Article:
Building construction

As previously suggested in terms of building form and function, there are also certain materials and finishes that are more appropriate to the outdoors so as to reinforce the contrast with urban places. Therefore, while the layout should be to a high standard, materials should wherever possible be ones that are the least urban or domestic.

A variety of construction methods can be used, but the choice depends on the location.


This can be traditional log-cabin construction using round logs of substantial but not over-large dimensions. This works for bigger structures but not smaller ones, as the horizontal emphasis given by the logs conflicts with square or more vertically proportioned buildings. A good overhang to the roof with protruding beams and rafters, shake (shingle), turf or split-log roof looks good. However, this technique is generally not suited to Britain, as it is not traditional, but in central and northern Europe and North America, in forests of big trees it is a good method. This type of construction is naturally well insulated. Interior partitions of boards, open roof spaces with roof lights or high-level windows in the gables work effectively. Materials can be used on site unless special construction techniques are used.

Sawn timber can be used in all manner of ways. In Scandinavia, construction methods traditional to the landscape have been adapted for use in recreation buildings. Timber frames clad in overlapping vertical boarding and roofed with specially milled boards for waterproofing work very well in a drier continental climate. In wetter conditions such as Britain or the Pacific Northwest of the USA, where timber warps, this method is not suitable unless waterproof material can be used beneath the roofing timber. Shakes (shingles) can be used for roofing, as can other materials such as profile steel, which can be obtained with integral insulation. The coarser textures of wide roughly sawn boards and board-on-board or overlapping clapboarding blend with those found in wilder settings. Vertical boarding looks good in forests with plenty of vertical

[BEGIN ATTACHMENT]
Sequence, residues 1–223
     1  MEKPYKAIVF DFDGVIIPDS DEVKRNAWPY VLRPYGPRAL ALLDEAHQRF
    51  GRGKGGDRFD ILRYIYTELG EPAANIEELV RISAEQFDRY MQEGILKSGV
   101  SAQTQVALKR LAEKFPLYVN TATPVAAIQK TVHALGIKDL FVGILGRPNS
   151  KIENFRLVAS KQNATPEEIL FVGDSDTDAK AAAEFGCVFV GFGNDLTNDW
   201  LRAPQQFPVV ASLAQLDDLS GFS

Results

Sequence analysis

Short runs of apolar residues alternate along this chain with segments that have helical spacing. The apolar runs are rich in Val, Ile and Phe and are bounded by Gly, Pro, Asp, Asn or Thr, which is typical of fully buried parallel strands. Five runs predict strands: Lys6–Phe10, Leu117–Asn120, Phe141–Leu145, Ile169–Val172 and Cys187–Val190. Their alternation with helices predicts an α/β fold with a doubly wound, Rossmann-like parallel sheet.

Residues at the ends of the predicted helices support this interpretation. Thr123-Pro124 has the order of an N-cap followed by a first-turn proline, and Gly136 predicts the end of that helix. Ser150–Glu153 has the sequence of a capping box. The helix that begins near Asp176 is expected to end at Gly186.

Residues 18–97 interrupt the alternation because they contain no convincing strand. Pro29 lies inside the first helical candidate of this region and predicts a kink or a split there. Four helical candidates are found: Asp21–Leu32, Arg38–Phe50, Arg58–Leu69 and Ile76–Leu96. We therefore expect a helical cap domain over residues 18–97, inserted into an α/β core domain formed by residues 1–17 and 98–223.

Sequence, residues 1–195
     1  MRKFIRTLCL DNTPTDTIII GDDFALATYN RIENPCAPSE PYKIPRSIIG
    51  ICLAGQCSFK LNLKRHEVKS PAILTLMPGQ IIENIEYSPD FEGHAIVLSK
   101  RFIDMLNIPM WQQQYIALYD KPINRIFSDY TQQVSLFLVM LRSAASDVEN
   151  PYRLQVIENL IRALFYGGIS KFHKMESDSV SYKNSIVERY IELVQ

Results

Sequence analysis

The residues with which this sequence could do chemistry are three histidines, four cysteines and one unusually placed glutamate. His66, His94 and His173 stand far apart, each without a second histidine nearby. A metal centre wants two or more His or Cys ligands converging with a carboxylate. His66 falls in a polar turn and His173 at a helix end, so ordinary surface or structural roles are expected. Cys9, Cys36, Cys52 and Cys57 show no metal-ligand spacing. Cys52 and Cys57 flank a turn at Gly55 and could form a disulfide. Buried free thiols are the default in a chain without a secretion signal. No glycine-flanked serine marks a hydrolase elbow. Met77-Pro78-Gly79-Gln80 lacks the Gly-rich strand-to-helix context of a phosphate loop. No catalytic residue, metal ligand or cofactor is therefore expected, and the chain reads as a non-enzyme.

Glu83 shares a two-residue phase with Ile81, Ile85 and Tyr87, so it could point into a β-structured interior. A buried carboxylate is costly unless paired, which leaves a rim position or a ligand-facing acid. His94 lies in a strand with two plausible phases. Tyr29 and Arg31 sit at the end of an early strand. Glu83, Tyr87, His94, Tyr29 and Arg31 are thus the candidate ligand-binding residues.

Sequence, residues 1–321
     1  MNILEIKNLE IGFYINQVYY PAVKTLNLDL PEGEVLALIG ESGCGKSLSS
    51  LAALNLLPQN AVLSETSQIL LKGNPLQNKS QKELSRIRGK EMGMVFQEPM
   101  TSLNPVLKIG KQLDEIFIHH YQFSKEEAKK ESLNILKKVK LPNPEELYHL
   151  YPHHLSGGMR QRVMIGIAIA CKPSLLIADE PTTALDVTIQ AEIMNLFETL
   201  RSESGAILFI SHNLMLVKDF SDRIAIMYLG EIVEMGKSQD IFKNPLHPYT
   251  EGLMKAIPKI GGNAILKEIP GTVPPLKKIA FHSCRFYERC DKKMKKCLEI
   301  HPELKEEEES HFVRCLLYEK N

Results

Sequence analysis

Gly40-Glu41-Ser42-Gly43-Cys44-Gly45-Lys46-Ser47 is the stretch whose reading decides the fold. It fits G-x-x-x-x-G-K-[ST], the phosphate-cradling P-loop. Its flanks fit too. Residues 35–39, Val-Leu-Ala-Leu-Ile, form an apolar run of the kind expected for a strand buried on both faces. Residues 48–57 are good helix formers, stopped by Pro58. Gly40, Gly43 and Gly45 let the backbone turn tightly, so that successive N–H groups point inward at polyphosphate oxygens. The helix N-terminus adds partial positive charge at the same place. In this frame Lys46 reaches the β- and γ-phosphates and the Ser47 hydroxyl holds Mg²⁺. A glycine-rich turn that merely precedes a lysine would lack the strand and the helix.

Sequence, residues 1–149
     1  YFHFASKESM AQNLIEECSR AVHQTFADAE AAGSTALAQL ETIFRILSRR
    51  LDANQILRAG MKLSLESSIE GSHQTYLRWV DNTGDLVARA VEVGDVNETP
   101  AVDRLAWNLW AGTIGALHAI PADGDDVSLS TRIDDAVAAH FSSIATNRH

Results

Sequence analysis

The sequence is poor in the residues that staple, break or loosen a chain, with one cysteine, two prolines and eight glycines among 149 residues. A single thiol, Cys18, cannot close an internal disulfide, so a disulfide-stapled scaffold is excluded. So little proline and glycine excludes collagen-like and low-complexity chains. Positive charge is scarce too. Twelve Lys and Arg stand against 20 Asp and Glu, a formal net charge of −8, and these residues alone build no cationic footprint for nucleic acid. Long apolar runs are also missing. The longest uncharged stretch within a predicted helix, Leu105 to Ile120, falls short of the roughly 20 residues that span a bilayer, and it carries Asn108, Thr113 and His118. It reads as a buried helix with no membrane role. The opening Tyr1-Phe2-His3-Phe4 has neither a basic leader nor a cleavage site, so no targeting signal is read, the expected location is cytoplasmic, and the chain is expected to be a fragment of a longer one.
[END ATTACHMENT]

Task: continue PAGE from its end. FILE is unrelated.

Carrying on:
Building construction

A toilet building made of logs at Akasamylly in Finnish Lapland. The result is a little ‘rustic’ because the logs are small.

However, the main problem is the sole use of window holes cut into the doors to give light. This is inadequate, and may cause privacy problems.

shapes. Horizontal boarding can look better in open landscapes with more horizontal lines.

Timber can be left to weather to a dull silvery grey, which fits into most landscapes. Stains can also be used to give colour and to help preserve and fireproof the wood. Bright colours should be avoided in favour of the more subdued tones found in the landscape—rusty red, ochre, mossy green, greys, sandy browns and black—which relate to the rock, soil and natural vegetation of the locality.

Buildings often need to be made to hug the ground to reduce their visual impact, and so darker colours should be used on the roofs than on the walls. Emphasis can be given to the doors and certain parts of the framing, perhaps with a brighter colour used sparingly.

Updated: October 2, 2015 — 10:39 pm